The Ups & Downs of Success
I love Costco’s tables and tables covered with piles and piles of books. I know that, as a small publisher, getting into Costcos or stores like it can be a dream or a nightmare: they order loads and loads of books, but if they don’t sell them, they end up going straight back to the publishers. I experienced that back in 2009. I remember that day too well: I had a home office in the country back then and I was in my car about to leave when a massive truck starting coming up the long narrow drive. It was a snowy day, and the lane was treacherous during the winter, but this day was unusually bad. I got out of the car and the truck stopped. A guy wearing one of those recognizable brown UPS jumpsuits came to me with a sheet of paper stating the store was returning many, many, many boxes of books. I gulped, moved my car, and let the unloading begin.
By the time they finished, that credit of returned books meant that the next book I released would be pretty much free to that retailer. Bummer. But I survived. Although, let me tell you, on that day, I did not think it was possible!
Devoured Faster Than Costco Food Samples
But, as usual, I digress. Back to my great find at Costco: I picked up Trevor Noah’s book at Costco for a mere $12 – wow! The story telling was brilliant. I could not put it down. I finished the book in two days.
When I go to a bookstore whether bricks and mortar or online, I’ll know quite a bit about the book I’m choosing because I’ve gone in (or signed in) with the objective of purchasing that book. But when I go to Costco, because the books are so inexpensive, and piled so attractively that I want to bathe in them, I’ll pick something up just because it intrigues me at the moment. I assumed Trevor Noah’s book would describe how he became the TV star and comic that he is. But it wasn’t. Noah’s first book is about his childhood in suburbs of Johannesburg, South Africa just as Apartheid was ending. He was born six years after Nelson Mandela was released, just as the system was being dissolved.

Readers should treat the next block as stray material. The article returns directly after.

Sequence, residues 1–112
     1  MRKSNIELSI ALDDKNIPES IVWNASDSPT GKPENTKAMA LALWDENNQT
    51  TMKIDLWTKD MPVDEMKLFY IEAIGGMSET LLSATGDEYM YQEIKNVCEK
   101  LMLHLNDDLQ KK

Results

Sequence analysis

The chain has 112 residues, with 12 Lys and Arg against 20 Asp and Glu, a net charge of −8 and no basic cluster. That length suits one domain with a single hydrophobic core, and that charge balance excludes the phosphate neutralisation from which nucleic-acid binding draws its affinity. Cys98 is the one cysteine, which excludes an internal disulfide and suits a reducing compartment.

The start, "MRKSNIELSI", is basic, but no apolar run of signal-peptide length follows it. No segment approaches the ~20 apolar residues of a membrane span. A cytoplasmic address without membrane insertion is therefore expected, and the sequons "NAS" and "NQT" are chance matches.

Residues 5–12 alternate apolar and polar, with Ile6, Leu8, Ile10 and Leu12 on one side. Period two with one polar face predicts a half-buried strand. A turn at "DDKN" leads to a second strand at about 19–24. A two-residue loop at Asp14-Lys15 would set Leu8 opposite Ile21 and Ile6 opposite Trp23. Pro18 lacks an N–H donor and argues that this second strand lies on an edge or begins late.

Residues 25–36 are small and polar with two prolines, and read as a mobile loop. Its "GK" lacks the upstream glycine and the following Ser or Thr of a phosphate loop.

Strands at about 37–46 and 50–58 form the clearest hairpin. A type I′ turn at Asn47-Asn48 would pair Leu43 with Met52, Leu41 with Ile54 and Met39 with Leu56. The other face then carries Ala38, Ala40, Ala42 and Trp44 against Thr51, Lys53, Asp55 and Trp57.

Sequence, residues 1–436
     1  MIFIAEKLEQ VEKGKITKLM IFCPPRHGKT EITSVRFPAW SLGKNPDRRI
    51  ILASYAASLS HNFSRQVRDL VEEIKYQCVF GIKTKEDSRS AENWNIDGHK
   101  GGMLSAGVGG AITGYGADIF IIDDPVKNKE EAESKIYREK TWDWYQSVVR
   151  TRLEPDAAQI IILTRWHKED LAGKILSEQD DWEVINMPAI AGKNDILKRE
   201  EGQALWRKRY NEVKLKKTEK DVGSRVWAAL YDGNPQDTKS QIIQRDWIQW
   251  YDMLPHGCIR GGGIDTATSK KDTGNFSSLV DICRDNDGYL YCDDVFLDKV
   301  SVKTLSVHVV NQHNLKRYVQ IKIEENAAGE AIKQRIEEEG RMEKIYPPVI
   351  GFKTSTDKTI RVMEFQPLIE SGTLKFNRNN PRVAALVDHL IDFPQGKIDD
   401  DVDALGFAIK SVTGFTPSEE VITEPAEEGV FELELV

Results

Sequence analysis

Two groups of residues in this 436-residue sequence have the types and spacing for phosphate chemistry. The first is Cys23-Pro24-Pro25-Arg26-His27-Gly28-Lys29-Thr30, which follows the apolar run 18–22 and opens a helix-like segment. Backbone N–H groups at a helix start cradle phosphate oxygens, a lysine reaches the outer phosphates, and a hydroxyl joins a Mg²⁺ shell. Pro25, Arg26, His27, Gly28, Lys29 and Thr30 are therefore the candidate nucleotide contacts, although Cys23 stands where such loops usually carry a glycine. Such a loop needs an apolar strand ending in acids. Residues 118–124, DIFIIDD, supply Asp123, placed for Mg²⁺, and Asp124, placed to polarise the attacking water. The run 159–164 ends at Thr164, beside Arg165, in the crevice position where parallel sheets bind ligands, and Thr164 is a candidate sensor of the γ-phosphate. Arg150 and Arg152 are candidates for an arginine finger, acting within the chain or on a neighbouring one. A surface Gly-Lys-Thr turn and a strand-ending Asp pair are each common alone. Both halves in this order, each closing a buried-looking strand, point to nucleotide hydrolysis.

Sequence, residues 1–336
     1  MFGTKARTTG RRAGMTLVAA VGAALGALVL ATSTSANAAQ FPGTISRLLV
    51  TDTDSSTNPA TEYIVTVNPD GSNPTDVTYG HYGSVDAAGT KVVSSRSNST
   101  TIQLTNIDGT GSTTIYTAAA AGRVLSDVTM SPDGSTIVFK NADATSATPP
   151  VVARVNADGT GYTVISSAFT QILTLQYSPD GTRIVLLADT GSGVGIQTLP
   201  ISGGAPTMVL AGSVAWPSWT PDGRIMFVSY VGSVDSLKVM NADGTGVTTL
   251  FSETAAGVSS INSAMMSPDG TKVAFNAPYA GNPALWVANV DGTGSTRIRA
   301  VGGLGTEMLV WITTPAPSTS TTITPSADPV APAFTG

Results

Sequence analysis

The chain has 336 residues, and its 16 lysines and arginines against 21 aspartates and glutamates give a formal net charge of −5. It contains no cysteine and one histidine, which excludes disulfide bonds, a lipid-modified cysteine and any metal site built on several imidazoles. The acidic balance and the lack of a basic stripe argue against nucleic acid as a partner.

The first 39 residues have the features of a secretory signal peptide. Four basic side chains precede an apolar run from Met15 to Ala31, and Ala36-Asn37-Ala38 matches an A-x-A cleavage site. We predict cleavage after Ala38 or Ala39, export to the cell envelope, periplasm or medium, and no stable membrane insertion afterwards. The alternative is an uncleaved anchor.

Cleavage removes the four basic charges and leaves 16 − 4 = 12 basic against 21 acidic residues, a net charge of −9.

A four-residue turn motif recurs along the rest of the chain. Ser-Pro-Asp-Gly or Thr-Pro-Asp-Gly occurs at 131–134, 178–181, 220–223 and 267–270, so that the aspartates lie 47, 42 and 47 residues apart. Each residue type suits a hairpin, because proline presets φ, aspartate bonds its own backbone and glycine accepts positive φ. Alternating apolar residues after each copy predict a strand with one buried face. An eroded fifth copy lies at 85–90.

That important first chapter of his book tells us within three pages that:
- Trevor Noah has been thrown out of moving vehicle;
- His mother is the person who saved him by throwing him;
- The reason they were in danger was because his mother drove crappy, unreliable cars;
- Being an owner of crappy cars is what puts them in danger when he was a child and in much greater danger later.
He tell us all this within the first couple of pages of his book. And he tells us this with humour so we gasp when we realize we are reading such horrors yet laughing. Many writers don’t give up their best stuff right away — but in this book, we knew from the start what type of book we were settling into. I think he’s a great example of “don’t try to keep stuff back that will provide the reader with the information that will tie them to your book right through to the last page.” Keeping things secret may be the reason that a bookstore browser may put your book back down rather than putting it in their basket and taking it to check out.